These Gospel lessons recount in chronological order the events from the Last Supper though the Crucifixion and burial of Jesus. At one point, when we reach the first Gospel which speaks of the Crucifixion, there is a custom for the priest to bring out a large cross with an icon the crucified Christ attached to it, and places it in the center of the nave for all the faithful to venerate.

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This cross will remain in the center of the church until the bringing out of the epitaphios the next evening. These are a solemn celebration of the Little Hours with added hymns and readings. The figure of Christ is taken down from the Cross, and a richly embroidered cloth icon called the Epitaphios Church Slavonic : Plashchanitza depicting Christ prepared for burial is laid in a " Tomb " decorated with flowers.

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At the end of the service all come forward to venerate the Epitaphios. Matins of Great and Holy Saturday is, in parish practice, held on Friday evening. The service is known as the "Orthros of Lamentations at the Tomb ", because the majority of the service is composed of the clergy and faithful gathered around the tomb, chanting the "Lamentations" interspersed between the verses of Kathisma XVII Psalm At a certain point the priest sprinkles the tomb with rose petals and rose water.

Near the end of the service, the Epitaphios is carried in a candlelit procession around the outside of the church as the faithful sing the Trisagion. Vespers joined to the Divine Liturgy is served on Great and Holy Saturday, prescribed by the Liturgical books to be served in the afternoon but often served in the morning. Just before the reading of the Gospel, the hangings and vestments and changed from dark lenten colors to white, and the entire mood of the service changes from mourning to joy. However, the faithful do not yet greet one another with the Paschal kiss , since the Resurrection has not yet been announced to the living.

If there are catechumens who are prepared for baptism they are baptized and chrismated during the Old Testament readings. Afterwards, all of the lighting in the church is extinguished and all remain in silence and darkness until the stroke of midnight. Then, the priest lights a single candle from the eternal flame on the altar which is never extinguished. The light is spread from person to person until everyone holds a lighted candle.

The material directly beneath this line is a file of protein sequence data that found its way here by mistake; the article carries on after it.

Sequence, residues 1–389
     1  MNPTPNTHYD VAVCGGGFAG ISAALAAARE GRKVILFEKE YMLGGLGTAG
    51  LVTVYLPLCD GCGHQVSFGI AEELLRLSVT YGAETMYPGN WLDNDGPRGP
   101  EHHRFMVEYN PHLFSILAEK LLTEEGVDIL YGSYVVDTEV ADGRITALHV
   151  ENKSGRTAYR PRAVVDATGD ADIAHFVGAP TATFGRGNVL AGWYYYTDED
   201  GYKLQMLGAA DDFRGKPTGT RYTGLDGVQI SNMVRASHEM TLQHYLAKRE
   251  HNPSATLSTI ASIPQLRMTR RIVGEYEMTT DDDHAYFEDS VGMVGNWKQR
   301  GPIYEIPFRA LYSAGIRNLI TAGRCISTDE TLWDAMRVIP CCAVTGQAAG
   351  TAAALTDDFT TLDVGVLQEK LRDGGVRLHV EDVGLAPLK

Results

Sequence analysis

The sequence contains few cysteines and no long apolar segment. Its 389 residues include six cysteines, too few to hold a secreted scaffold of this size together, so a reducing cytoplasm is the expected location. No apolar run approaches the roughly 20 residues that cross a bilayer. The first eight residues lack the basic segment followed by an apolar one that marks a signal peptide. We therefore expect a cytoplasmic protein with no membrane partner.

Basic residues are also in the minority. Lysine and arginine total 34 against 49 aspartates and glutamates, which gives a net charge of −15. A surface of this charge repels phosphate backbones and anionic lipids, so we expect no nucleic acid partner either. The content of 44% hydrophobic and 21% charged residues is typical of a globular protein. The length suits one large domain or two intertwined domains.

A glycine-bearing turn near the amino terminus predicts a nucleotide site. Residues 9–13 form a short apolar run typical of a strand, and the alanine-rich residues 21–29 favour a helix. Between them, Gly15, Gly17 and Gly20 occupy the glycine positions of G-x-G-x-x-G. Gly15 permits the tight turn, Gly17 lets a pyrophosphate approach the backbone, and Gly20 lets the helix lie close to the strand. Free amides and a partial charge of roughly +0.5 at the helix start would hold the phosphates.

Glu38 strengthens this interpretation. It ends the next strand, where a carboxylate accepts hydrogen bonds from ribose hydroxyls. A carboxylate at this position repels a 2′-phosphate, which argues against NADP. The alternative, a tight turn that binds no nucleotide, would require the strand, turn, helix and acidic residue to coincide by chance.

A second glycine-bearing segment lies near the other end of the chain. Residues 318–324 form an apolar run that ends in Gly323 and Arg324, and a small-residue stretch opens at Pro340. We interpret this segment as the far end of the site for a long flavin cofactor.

A procession then circles around the outside of the church, recreating the journey of the Myrrh Bearers as they journeyed to the Tomb of Jesus on the first Easter morning. The procession stops in front of the closed doors of the church.

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The opening of these doors symbolized the "rolling away of the stone" from the tomb by the angel, and all enter the church joyfully singing the Troparion of Pascha. Paschal Orthros begins with an Ektenia litany and the chanting of the Paschal Canon. One of the highpoints is the sharing of the paschal kiss and the reading of the Hieratikon Catechetical Homily of John Chrysostom by the priest. The Divine Liturgy follows, and every Orthodox Christian is encouraged to confess and receive Holy Communion on this holiest day of the year.

A breakfast usually follows, sometimes lasting till dawn. Slavs bring Easter baskets filled with eggs, meat, butter, and cheese—foods from which the faithful have abstained during Great Lent —to be blessed by the priest which are then taken back home to be shared by family and friends with joy. On the afternoon of Easter Day, a joyful service called " Agape Vespers" is celebrated During this service the Great Prokeimenon is chanted and a lesson from the Gospel [47] is read in as many different languages as possible, accompanied by the joyful ringing of bells.

On this day a special service called "The Unction of the Sick" is conducted. It consists of seven prayers and at the conclusion of the prayers, the priest anoints each member of the congregation with the holy oil. This day is related to the events of Holy Week in that John 12 tells of a visit of Jesus to Lazarus immediately before recounting the events of Palm Sunday. Since the liturgical day starts from the evening before a calendar day, the prayers of Palm Sunday begin on the evening of Lazarus' Saturday.

Throughout Holy Week, a paschal service is conducted each evening, starting on Sunday night the eve of Monday , and every morning, up until Easter. These paschal services take place in the middle of the church, not on the altar, because Jesus suffered and was crucified on Golgotha, outside of Jerusalem. The altar is bared of all its coverings and relics. Likewise, each night service is also divided into the same five hours. During each hour, one prophecy is read at the beginning, a hymn is chanted twelve times, a psalm is sung in a sad tune, one passage from a gospel is read, and an exposition concludes the hour.

During the eve of Friday, four gospel passages are read, and more prophecies are read as well.